N O T E S
Introduction
In the notes and bibliography, sources originally published in Chinese have be
translated into English. The original Chinese characters follow the translation
the first mention of each source. Entries in the bibliography have been group
into two categories: works published in Chinese and works published in Engli
The bibliography concludes with a list of the films of Hou Hsiao-hsien.
1 See, for instance, Seth Faison, ‘‘Taiwan’s New Doctrine Unintelligible in Chines
New York Times, July 21, 1999, A6.
2 Since its rise in the late eighteenth century and the early nineteenth, the idea of
tion, which divides the world into a mosaic of distinct and differentiated entiti
has been one of the most important and formative concepts in modern West
thought—a concept Benedict Anderson has called ‘‘the most universally legitim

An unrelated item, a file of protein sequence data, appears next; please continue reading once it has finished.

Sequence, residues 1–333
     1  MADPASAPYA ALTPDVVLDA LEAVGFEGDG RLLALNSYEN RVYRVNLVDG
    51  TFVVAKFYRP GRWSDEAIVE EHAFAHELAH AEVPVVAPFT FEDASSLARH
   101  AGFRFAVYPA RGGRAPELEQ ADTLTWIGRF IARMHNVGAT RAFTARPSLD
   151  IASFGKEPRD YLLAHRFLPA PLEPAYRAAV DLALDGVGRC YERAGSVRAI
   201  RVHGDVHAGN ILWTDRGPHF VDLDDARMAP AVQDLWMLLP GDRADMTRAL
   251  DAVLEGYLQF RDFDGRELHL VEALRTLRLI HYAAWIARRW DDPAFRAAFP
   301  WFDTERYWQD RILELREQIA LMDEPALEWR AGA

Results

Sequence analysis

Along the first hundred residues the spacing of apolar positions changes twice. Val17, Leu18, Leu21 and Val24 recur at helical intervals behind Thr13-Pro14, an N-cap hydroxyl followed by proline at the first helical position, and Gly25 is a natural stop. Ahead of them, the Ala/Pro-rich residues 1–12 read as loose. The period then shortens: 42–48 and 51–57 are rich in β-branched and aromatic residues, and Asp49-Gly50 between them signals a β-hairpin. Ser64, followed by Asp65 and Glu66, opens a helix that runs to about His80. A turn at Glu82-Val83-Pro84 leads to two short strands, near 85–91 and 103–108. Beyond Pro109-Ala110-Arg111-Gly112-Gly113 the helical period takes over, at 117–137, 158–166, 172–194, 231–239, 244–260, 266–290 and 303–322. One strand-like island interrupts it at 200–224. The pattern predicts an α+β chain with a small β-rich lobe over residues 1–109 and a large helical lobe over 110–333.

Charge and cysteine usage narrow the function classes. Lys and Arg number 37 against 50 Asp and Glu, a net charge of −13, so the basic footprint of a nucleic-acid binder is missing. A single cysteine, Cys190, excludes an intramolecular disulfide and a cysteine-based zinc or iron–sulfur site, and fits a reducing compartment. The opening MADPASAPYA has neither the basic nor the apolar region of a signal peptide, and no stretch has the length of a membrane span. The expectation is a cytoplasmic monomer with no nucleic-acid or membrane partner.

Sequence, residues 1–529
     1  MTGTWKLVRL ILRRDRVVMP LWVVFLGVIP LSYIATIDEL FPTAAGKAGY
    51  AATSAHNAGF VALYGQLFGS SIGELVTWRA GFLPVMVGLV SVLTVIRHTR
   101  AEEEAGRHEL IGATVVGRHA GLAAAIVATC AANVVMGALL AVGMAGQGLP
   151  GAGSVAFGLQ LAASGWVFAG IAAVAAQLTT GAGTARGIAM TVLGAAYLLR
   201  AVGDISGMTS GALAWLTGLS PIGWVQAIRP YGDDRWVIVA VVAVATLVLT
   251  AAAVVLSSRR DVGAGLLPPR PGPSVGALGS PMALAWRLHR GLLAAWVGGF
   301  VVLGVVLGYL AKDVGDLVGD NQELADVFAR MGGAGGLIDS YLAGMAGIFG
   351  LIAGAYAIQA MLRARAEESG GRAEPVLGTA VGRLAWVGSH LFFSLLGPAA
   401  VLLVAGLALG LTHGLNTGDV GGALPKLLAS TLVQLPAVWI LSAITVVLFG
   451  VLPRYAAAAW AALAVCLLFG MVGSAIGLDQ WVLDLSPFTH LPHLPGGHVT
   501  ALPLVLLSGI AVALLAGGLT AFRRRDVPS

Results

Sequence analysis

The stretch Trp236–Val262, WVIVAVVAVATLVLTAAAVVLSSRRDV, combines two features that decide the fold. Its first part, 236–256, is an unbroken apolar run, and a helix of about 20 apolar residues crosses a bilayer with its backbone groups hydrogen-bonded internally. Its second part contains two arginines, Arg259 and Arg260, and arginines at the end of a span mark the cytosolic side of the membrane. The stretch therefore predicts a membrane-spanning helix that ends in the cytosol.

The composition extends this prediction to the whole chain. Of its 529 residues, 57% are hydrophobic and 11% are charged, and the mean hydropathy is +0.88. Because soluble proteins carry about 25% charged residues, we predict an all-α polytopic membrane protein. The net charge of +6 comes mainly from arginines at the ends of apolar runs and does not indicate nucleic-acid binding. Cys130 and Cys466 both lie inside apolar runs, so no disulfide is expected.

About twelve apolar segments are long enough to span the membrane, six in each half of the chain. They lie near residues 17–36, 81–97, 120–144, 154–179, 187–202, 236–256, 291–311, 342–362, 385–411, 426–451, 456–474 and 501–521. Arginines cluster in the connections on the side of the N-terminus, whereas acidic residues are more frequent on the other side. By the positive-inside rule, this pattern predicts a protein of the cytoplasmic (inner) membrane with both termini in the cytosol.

value in the political life of our time’’ (Benedict Anderson, Imagined Commu
ties: Reflections on the Origins and Spread of Nationalism, rev. ed. [London: Ver
1991], 3).
3 Michael Hardt and Antonio Negri, Empire (Cambridge: Harvard University Pre
2001).
4 As one observer noted, many scholars and activists saw the master theory p
posed by the book as an appealing blueprint for understanding the complexit
of current global interaction and conflict—particularly after the events of Septe
ber 11 spotlighted the intricate and widely distributed networks of global terr
ism. See Dean Kuipers, ‘‘The Rise of the New Global ‘Empire,’’’ Los Angeles Tim
October 1, 2001.
5 Hardt and Negri, Empire, xii–xiii.
6 In addition to Benedict Anderson’s frequently cited book, a few of the more i
portant works in English include Peter Worsley’s The Third World (Chicago: U
versity of Chicago Press, 1964), Hans Kohn’s Nationalism: Its Meaning and H
tory (New York: Van Nostrand, 1965), Ernest Gellner’s Nations and Nation
ism (Oxford: Basil Blackwell, 1983), Partha Chatterjee’s Nationalist Thought a
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